State elections board takes no action on Watauga early voting
by Anna Oakes
Despite being asked to
overrule a Watauga County Board of Elections vote denying extended early voting hours last week,
the State Board of Elections took no action on the local board’s decision before early voting
On Oct. 30, the three-member Watauga County
Board of Elections voted 2-1 in favor of a motion by board Chairwoman Stella Anderson to extend
early voting hours at two locations because of last week’s snowstorm, with board member Stacy
“Four” Eggers IV voting against the motion. The motion failed because state law
required a unanimous vote for changes to be enacted.
approved, the hours would have been extended at Appalachian State University’s Plemmons
Student Union until 7 p.m. (instead of 5 p.m.) Oct. 31 and Nov. 1 and at the Watauga County
Courthouse until 7 p.m. Nov. 1 and 2 and until 3 p.m. Nov. 3 (instead of 1 p.m.).
“I made the motion to extend the hours for some of the remaining days of
early voting in light of the significant downturn in voter turnout on Monday and Tuesday,”
“(Board member) Rusty (Henson) and I felt
that there was a significant downturn in expected numbers of early voters at both the courthouse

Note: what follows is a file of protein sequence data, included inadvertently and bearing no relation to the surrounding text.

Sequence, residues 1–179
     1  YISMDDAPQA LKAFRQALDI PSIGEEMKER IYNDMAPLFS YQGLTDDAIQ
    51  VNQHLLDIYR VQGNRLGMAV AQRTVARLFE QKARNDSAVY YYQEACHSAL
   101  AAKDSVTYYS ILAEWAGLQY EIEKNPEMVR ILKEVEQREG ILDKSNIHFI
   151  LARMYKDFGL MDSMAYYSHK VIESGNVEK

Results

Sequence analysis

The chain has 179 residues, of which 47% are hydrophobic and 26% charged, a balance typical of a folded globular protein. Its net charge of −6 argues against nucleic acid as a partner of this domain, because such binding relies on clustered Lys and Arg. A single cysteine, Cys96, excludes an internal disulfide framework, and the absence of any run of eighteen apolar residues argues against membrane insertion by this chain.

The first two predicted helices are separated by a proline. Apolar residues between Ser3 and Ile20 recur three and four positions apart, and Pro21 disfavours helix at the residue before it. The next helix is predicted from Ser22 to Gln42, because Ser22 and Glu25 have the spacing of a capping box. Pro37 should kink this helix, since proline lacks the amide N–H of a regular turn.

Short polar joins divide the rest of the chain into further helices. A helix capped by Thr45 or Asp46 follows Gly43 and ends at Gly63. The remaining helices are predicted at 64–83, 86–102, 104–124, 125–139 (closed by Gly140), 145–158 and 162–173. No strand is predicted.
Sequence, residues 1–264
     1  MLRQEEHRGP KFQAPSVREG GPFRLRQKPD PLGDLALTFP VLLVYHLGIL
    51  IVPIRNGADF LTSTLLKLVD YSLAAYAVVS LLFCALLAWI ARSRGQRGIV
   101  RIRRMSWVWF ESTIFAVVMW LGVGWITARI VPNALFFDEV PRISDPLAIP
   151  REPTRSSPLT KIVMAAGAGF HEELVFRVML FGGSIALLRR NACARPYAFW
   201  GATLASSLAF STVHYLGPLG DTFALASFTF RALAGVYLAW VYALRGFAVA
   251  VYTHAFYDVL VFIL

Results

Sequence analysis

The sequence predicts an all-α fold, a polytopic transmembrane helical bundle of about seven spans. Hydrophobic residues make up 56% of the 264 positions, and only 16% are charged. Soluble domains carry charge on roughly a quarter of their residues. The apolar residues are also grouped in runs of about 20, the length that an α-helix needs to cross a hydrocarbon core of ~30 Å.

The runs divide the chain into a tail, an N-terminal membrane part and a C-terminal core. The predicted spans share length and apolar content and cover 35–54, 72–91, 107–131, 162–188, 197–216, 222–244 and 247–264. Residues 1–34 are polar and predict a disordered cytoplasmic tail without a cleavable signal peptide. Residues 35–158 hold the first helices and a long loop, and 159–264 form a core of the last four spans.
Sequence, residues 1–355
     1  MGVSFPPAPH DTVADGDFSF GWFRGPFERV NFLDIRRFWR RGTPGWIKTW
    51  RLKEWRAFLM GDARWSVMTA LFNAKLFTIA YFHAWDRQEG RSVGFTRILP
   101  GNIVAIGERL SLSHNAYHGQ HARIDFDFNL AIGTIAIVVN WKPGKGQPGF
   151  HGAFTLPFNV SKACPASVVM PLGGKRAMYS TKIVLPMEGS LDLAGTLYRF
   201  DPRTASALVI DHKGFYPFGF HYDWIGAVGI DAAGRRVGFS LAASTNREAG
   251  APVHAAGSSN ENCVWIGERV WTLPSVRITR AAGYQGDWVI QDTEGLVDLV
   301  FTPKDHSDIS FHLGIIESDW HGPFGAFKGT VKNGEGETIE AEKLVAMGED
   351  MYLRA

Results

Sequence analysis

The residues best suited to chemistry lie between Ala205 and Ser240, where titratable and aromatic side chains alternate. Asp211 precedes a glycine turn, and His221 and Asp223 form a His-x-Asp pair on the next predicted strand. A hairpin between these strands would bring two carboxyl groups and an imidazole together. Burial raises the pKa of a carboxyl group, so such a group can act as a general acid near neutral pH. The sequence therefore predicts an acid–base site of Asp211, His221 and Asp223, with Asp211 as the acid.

and the ASU early voting locations on Monday and most certainly on Tuesday. In fact, the courthouse
was closed on Tuesday until 10 a.m., which definitely restricted the hours of operation at that
location,” she added.
Anderson said the board could manage
additional expenditures for the extended hours and that Elections Director Jane Hodges had ensured
staff coverage would not be a problem.
“I did not
anticipate any dissent on the board for making what was, in my opinion, a reasonable and modest
adjustment to the early voting schedule in light of changing circumstances,” she
But in an Oct. 31 letter to the State Board of Elections
and staff, Eggers said he felt the extended hours were not necessary.
“Four months ago, the Watauga County Board of Elections unanimously
approved an assertive early voting implementation plan, which included three early voting sites and
generous hours of operation,” Eggers wrote. “In fact, our longest waiting period at any
point to date has been less than 15 minutes, and was the result of several fraternities and
sororities going to the polls as a group en masse.”
Eggers emphasized that it is not unusual to have snow events in Western North
Carolina in October.
“Approximately 25 percent of our
registered voters have already taken advantage of our one-stop opportunities, and there remain many
opportunities for citizens to do so,” he said.
considering our decision to maintain our current hours of operation and voting schedule, it was
important to consider the burden such a last-minute change would place on our election workers, the
lack of budgeted funding for this change, the difficulty in providing additional notice of the
change in hours and the appearance that such a last-minute change would be done to favor one
political faction over another.”
On Oct. 23, a memo from State Board of Elections Executive Director Gary Bartlett said wait times at some early voting sites across the state were as long as two hours. The memo instructed county boards of elections to take “proactive measures” to extend early voting days and times or shift resources if needed.